A federal appeals court won’t reverse the conviction of Richard Greenway for killing a Tucson mother and her teen-age daughter in 1988.
Judge Mary Schroeder, writing for the three-judge panel of the 9th Circuit Court of Appeals, said there is nothing to back up Greenway’s claim that his trial attorney did not do everything possible to keep him from being found guilty.
Court records show that police found the bodies of Lili Champagne and daughter Mindy Peters in their home. Each had been shot twice.
Police began looking at Greenway after his sister notified homicide detectives he knew something about the incident. And when police picked up Greenway and co-defendant Chris Lincoln for questioning, Lincoln confessed and implicated Greenway.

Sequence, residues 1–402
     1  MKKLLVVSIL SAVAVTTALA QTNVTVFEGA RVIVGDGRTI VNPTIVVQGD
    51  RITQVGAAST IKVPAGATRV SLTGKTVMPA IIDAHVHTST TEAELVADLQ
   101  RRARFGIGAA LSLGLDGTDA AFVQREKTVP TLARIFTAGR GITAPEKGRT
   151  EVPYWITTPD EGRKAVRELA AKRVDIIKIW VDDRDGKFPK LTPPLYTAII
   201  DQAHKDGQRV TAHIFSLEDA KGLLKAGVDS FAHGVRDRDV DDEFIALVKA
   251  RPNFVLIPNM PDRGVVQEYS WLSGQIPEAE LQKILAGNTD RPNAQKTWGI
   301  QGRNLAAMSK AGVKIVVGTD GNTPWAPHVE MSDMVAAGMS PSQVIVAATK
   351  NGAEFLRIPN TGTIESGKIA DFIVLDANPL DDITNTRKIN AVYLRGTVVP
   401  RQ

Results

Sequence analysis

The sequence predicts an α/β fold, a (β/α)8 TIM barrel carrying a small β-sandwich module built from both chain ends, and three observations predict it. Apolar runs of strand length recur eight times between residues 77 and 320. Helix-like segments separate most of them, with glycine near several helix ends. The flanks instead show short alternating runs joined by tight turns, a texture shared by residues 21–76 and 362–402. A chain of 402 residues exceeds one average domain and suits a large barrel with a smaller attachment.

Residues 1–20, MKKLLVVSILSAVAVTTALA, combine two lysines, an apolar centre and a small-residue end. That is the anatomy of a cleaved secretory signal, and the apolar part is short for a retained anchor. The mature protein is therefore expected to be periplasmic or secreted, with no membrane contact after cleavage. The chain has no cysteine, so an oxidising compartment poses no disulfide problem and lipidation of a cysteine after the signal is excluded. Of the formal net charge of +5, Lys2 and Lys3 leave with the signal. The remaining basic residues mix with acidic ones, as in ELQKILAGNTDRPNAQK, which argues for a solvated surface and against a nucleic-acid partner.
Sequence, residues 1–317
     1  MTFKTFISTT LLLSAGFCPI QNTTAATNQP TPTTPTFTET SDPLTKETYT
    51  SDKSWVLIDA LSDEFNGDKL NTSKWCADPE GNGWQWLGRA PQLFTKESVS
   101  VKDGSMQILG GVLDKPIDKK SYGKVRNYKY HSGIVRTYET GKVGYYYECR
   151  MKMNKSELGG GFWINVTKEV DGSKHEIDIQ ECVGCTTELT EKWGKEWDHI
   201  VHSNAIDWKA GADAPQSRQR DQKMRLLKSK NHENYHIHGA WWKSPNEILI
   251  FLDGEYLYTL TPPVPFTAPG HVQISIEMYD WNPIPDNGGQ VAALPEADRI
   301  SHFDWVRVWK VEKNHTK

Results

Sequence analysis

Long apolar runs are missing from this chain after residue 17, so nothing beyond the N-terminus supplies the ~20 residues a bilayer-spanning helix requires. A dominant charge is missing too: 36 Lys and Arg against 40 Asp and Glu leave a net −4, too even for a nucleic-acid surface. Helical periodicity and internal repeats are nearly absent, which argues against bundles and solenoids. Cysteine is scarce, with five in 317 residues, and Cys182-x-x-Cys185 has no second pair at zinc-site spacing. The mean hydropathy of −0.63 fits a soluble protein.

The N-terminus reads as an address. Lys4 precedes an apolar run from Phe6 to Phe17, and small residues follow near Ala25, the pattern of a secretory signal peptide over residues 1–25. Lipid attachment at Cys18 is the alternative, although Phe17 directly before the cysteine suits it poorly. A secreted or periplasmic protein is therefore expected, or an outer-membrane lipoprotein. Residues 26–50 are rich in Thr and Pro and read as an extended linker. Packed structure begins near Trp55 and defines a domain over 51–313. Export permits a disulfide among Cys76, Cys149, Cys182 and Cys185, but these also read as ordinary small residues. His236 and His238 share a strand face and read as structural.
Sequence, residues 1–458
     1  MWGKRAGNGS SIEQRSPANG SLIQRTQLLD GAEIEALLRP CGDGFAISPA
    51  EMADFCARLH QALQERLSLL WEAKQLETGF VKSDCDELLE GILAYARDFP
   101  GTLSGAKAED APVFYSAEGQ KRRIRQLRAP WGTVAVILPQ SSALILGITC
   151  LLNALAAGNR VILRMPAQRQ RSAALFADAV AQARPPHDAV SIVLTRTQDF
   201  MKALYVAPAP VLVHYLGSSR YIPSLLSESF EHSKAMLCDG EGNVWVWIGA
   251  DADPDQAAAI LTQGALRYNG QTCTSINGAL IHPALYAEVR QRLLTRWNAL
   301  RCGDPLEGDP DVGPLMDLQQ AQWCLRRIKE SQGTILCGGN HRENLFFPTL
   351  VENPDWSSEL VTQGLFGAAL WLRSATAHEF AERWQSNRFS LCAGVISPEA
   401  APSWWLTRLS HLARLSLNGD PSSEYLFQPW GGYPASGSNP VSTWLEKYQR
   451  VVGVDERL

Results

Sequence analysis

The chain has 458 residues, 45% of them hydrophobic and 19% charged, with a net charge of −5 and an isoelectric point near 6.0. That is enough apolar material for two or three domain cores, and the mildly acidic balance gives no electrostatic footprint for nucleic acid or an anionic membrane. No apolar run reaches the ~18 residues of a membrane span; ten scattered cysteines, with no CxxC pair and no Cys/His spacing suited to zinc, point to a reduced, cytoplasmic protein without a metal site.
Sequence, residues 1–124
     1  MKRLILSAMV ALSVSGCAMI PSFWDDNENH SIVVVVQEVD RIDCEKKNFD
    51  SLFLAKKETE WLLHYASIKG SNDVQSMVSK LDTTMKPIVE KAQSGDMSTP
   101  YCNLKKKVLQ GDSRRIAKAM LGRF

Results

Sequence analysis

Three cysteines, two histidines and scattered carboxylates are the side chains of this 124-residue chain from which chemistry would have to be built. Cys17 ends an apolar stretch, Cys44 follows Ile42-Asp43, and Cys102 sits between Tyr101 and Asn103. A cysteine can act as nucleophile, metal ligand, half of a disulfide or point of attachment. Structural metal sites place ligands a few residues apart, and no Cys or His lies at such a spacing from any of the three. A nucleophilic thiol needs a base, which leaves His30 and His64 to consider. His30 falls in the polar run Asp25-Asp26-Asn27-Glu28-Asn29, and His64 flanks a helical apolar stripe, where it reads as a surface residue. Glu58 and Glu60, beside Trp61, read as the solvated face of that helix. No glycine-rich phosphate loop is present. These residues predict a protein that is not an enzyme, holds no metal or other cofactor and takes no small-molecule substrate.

He was convicted after a three-day trial of murder, burglary, armed robbery, theft and arson and sentenced to death.
In his appeal, Greenway argued his trial attorney should have pursued questions about whether any of the jurors had been the victim of a violent crime.
The judge had not specifically asked that question. And it was only years later that it was learned that one juror had, in fact, been the victim of a rape and had testified against her attacker at his trial, facts that likely would have led to her being disqualified as a juror.
But Schroeder said there was no way for Greenway’s attorney to know that information, making it “far too speculative” to conclude the lawyer had not effectively done his job.
Greenway also argued his attorney should have argued that there was no premeditation and that he acted out of impulse. Schroeder said that claim makes no sense.
“Had counsel argued that Greenway acted impulsively, counsel would have placed Greenway at the scene of the crimes and negated the defense that he had not participated in the murders, a defense consistent with the physical evidence,” she wrote.